ON-AIR: UI Professor wins National Book Award

By Christine Kim

It all started on a drive to his mother’s house in Arizona. Along-side the road, groups of 3-foot-tall Sandhill cranes gathered in a harvested cornfield for an annual spring ritual.

This fascination led to the start of Swanlund Professor of English Richard Powers’ novel, “The Echo Maker.”

“The Echo Maker” recently won the 2006 National Book Award for fiction.

Powers says “The Echo Maker” opened up a new territory for him.

“It’s mainly more of a page-turner, a character-driven story. So perhaps that combination of preserving a little bit of the scientific big picture with a little bit more of an accessible plot-driven story gives it a unique feel.”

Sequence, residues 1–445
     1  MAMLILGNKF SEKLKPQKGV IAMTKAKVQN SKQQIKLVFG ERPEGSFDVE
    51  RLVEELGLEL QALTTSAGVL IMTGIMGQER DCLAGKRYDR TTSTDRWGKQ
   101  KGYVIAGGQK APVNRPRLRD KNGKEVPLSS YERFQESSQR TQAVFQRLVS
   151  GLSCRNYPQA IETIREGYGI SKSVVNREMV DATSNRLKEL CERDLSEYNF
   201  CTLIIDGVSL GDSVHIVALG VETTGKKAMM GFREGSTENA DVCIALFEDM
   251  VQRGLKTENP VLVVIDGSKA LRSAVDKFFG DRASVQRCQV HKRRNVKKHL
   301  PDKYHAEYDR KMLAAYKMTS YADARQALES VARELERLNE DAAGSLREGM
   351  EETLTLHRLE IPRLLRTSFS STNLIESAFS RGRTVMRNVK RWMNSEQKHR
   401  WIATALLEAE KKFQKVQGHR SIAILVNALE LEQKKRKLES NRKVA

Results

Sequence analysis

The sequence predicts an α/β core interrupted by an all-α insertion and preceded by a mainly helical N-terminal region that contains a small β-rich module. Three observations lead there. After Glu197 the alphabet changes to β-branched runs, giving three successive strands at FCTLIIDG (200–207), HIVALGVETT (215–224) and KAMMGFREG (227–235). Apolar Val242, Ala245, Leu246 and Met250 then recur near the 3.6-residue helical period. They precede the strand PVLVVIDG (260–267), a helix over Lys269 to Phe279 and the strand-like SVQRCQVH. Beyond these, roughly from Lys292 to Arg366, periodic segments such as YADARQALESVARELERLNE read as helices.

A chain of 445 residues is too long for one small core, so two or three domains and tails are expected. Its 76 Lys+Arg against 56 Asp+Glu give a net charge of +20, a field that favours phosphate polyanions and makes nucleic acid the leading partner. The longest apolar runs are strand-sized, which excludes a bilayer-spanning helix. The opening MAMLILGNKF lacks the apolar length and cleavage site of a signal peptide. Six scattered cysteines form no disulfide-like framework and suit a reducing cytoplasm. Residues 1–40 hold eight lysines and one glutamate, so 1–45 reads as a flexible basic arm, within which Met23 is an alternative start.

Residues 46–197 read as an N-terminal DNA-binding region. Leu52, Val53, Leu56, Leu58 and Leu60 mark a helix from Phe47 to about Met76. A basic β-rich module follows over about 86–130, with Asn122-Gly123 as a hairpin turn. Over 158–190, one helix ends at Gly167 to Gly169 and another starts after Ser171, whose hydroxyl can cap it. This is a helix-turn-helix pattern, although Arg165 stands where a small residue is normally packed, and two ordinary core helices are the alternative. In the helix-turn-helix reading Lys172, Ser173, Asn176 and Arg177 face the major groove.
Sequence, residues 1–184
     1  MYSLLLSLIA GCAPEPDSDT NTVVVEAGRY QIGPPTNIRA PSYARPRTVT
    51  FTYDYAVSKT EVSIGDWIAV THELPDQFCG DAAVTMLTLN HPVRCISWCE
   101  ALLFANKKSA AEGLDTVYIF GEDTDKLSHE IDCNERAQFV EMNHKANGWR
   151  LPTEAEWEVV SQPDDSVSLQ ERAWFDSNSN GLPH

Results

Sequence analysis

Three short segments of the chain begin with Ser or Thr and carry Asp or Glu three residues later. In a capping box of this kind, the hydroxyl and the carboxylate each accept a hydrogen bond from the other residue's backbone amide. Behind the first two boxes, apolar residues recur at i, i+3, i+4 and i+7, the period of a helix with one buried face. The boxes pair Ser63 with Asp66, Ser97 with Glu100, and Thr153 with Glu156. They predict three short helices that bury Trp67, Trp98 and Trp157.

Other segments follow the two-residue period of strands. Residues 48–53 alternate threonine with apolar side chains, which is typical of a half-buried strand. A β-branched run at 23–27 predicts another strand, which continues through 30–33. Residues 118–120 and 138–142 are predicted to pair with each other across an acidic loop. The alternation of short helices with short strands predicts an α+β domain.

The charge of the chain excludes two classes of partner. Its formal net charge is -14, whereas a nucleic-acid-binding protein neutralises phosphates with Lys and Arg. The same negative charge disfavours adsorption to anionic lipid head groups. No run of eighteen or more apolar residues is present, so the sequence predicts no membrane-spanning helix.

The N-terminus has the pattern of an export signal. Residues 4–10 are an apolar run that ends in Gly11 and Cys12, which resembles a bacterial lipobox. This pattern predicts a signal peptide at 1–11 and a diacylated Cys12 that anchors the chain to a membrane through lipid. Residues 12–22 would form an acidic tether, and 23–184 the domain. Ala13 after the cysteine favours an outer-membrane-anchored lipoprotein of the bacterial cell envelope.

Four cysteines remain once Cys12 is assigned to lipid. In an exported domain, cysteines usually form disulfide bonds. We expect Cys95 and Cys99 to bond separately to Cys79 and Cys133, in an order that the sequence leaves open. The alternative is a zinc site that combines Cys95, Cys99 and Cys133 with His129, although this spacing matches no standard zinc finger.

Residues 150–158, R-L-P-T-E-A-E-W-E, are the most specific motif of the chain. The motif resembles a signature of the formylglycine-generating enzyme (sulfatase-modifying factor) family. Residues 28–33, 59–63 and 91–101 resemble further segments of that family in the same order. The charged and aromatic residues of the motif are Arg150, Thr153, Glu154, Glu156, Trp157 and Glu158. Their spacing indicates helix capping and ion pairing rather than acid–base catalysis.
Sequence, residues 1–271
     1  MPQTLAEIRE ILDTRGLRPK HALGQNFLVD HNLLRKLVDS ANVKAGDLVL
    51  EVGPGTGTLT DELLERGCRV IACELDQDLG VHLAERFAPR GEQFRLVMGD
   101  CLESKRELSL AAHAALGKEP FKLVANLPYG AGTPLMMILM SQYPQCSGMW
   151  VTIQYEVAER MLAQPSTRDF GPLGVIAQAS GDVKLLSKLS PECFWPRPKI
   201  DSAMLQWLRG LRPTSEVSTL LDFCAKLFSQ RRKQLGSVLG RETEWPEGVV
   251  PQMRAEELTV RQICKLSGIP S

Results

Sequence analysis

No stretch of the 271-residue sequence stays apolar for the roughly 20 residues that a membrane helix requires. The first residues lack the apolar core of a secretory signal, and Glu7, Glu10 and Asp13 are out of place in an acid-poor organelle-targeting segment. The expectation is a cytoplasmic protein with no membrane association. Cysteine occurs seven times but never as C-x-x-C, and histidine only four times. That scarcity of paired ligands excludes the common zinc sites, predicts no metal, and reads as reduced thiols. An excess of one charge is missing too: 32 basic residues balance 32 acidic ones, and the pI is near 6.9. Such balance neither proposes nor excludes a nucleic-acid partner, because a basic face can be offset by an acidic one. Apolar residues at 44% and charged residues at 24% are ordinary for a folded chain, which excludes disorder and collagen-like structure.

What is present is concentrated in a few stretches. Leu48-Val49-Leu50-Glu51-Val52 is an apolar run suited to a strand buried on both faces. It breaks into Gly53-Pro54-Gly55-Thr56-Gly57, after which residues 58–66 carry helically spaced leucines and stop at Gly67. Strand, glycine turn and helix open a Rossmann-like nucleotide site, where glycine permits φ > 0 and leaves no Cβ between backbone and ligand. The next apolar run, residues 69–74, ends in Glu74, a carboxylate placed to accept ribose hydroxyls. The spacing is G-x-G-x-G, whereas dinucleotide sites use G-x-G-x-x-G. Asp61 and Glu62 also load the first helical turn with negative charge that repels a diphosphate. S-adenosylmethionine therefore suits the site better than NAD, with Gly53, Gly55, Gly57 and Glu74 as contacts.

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Powers’s novel revolves around the themes of ecology and neuro-psychology. He spent four years reading and researching the areas, incorporating his fascination of cranes. He traveled to Nebraska and Indiana where he experienced the gathering of hundreds of birds lining a narrow stretch of river as they migrated.

“The staging of the spring migration on the plaid is really one of the outstanding natural spectacles that you can have anywhere in the world.”

Powers says this literary prize is a powerful encouragement to keep working and a reassurance that there’s an audience whom he can connect to through his writing.

He has written eight other novels, one of which was nominated for the same award in 1993.